“It only makes sense that when changes are made to a federal construction contract, money should be available to pay for the additional work requested,” SMACNA President Thomas Szymczak said. “And unfortunately, in many instances that is not the case.”
In order to remedy this situation the Sheet Metal and Air Conditioning Contractors’ National Association (SMACNA) is spearheading a drive with eight other associations representing construction contractors, subcontractors, and design professionals. This group petitioned the Office of Federal Procurement Policy to modify the Federal Acquisition Regulation (FAR) in a letter to Ms. Anne Rung, the administrator for federal procurement policy.
The letter stated: Our members are facing increasing numbers of instances in which a contracting officer will direct a change in the scope of work on a construction project, lacking funds available to pay for the increased costs being imposed upon the contractor.
The changes the group recommended would involve a new provision under FAR Subpart 36.5 requiring the contracting officer to take actions required by FAR Part 43.105 (Availability of Funds) as well as the requirements of the Anti-Deficiency Act. In addition, an amendment to FAR Part 52.243.4 (Changes) would allow the contracting officer to continue to make changes in the work within the general scope of the contract, at any time and without notice to sureties, “but only if funds are available to pay the costs of such changes.”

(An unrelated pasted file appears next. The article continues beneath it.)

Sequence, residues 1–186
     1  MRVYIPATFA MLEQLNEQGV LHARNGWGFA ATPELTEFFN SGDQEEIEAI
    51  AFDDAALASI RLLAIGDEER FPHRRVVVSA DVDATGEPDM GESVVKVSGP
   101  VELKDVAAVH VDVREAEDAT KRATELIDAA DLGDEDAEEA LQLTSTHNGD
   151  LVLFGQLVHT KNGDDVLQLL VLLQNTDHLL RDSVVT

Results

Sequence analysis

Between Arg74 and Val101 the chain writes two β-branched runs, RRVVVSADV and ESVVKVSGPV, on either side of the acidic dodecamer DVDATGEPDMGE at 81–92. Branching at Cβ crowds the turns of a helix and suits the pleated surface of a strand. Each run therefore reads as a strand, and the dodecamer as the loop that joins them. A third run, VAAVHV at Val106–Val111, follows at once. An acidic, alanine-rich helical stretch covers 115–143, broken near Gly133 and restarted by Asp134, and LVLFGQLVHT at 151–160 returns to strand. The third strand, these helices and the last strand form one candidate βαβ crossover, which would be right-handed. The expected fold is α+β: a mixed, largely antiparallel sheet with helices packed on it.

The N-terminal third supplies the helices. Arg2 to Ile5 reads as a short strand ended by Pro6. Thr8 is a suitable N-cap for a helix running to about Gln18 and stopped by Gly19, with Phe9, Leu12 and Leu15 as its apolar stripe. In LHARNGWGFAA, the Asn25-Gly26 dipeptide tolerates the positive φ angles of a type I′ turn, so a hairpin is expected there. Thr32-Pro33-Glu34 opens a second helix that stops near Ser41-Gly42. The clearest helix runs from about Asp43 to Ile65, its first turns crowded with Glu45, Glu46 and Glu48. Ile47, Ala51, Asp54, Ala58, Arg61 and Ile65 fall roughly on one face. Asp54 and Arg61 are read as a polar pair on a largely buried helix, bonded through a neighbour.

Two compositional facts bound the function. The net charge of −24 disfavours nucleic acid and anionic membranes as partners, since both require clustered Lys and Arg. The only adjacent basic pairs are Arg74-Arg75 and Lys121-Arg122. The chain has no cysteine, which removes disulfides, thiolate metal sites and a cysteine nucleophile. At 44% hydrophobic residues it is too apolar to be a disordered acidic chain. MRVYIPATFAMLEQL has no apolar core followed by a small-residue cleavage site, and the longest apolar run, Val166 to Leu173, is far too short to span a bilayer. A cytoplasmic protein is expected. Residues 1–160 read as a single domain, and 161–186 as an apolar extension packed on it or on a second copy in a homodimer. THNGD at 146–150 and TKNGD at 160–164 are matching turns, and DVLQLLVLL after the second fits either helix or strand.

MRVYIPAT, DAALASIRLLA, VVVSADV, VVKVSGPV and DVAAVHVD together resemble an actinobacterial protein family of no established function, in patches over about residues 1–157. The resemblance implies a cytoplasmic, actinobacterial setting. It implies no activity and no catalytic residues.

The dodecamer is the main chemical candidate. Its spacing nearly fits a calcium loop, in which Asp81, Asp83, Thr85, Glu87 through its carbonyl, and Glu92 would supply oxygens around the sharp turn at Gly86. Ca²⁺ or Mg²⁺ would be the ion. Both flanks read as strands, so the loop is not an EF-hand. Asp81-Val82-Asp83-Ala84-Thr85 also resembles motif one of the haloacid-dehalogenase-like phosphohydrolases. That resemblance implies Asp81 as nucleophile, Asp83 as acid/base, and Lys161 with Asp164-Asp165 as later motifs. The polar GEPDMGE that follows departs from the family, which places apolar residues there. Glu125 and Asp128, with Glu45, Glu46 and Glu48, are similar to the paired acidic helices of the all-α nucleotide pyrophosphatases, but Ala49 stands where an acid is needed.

Associations represented in addition to SMACNA are the American Council of Engineering Companies, American Subcontractors Association, Associated General Contractors of America, Design-Build Institute of America, Mechanical Contractors Association of America, National Association of Surety Bond Producers, National Electrical Contractors Association, and the Surety & Fidelity Association of America.
SMACNA, an international trade association representing 4,500 contributing contractor firms, is a leader in promoting quality and excellence in the sheet metal and air conditioning industry. SMACNA has national offices in Chantilly, Va., outside of Washington, D.C., and on Capitol Hill. Visit www.smacna.org.